Author Guest Post: Martin R. Howard
Sometimes Bliss and Sometimes Woe…
The Sepoys of Britain’s Indian Army 1798−1805
The British Indian Army which conquered much of India under the command of George Harris, Gerard Lake and Arthur Wellesley (the later Duke of Wellington) in the years 1798−1805 was an unlikely mix of men. It was an amalgam of the local East India Company (EIC) Presidency armies and of King’s regiments sent out to the continent from home. Native troops (sepoys) always made up the great majority of the Indian Army. There was no prospect of attracting sufficient European troops to fulfil Britain’s expansionist policies and to protect the EIC’s interests. It was these sepoys who fought against their countrymen – the Mysoreans and the Marathas – in dramatic pitched battles such as Assaye, Delhi and Laswari, and epic sieges such as Seringapatam, Gawilghur and Bhurtpore.
What was it like to be a sepoy in British ranks? Unfortunately, we lack Indian voices from the wars of the late eighteenth and nineteenth centuries. Accounts of the period are necessarily Anglo-centric, based on innumerable state papers, contemporary regulations, and solders’ letters and diaries residing in British archives. Indians were excluded from senior positions in the army and administration thus further removing their actions and thoughts from the historical record.
The existence of just one eyewitness account by an Indian soldier of the period would be of incalculable value. This brings us to the ’memoirs’ of Sita Ram Pande, one of thousands of sepoys who helped the British to dominate nineteenth century India. Sita Ram enlisted into an infantry regiment of the Bengal Presidency Army in 1812 and remained in service until 1860 when he received his pension. He was too late to fight in the Anglo-Maratha Wars of 1803−1805 but he saw action in later campaigns, rising in the ranks to subadar (captain). He was wounded seven times, taken prisoner once, and awarded six medals. He was, so the story runs, persuaded to write his memoirs by Lieutenant-Colonel James Thomas Norgate.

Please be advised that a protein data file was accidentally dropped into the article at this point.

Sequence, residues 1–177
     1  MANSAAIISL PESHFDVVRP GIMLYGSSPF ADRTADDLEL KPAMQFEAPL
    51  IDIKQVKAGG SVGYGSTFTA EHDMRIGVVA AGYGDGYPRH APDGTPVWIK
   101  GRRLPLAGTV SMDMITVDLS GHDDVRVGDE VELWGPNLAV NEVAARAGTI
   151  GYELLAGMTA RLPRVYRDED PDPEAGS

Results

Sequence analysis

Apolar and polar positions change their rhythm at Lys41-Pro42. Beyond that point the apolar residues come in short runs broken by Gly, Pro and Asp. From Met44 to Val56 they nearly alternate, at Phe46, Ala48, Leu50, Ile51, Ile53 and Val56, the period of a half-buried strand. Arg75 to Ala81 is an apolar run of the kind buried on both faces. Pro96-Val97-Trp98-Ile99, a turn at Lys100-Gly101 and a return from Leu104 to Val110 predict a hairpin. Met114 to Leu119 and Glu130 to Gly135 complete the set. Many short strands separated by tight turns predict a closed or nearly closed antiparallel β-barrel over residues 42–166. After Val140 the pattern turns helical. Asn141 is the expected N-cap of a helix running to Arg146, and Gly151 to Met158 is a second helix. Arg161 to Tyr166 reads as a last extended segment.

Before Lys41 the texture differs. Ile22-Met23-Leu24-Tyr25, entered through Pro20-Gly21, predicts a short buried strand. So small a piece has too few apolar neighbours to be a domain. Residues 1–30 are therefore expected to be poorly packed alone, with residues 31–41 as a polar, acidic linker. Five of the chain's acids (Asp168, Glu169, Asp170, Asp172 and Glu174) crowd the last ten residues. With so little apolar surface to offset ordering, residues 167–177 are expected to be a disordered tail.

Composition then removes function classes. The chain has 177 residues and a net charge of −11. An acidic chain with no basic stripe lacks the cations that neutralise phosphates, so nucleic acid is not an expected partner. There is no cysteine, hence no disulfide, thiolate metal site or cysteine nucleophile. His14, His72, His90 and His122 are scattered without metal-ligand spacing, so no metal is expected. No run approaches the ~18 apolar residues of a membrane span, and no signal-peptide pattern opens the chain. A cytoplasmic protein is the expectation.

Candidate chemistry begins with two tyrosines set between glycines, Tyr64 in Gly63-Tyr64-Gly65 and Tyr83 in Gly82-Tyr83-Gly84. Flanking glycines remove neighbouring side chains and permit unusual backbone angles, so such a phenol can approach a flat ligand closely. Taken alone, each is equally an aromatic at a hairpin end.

Are the memoirs authentic? Eminent historians have strained to dispel lingering doubts. Critics have pointed to the omissions (Sita Ram does not reveal his regiment), issues with the linguistic style, and the ‘too good to be true’ nature of the adventures. The historian is left with the dilemma of whether to include Sita Ram’s words in any description of sepoy life in the Bengal Army. In the writing of my recent book, Wellington and the British Army’s Indian Campaigns 1798−1805, I decided to be inclusive; even sceptics acknowledge that the memoirs are of absorbing interest and a useful reflexion of the events and attitudes of the period.
Why did young Indian men join the armies of the East India Company? The major incentives were regular pay, a degree of security, and preferential treatment in civilian life. Sita Ram’s motives were apparently more romantic; he imbibed tales of military service from his uncle, a havildar (sergeant) in an infantry regiment. Sita Ram’s account of his introduction to life in the Indian army at Agra is typical of his memoirs. After an introduction to the adjutant, he was taken by his uncle to the regimental doctor’s house.